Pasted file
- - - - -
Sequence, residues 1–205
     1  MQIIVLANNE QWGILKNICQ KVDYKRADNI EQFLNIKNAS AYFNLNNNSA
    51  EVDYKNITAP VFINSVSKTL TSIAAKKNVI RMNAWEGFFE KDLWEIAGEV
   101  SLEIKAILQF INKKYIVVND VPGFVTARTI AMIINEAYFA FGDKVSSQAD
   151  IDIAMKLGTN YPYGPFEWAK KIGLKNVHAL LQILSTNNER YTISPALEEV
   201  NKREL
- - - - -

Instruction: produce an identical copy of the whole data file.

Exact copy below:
Sequence, residues 1–205
     1  MQIIVLANNE QWGILKNICQ KVDYKRADNI EQFLNIKNAS AYFNLNNNSA
    51  EVDYKNITAP VFINSVSKTL TSIAAKKNVI RMNAWEGFFE KDLWEIAGEV
   101  SLEIKAILQF INKKYIVVND VPGFVTARTI AMIINEAYFA FGDKVSSQAD
   151  IDIAMKLGTN YPYGPFEWAK KIGLKNVHAL LQILSTNNER YTISPALEEV
   201  NKREL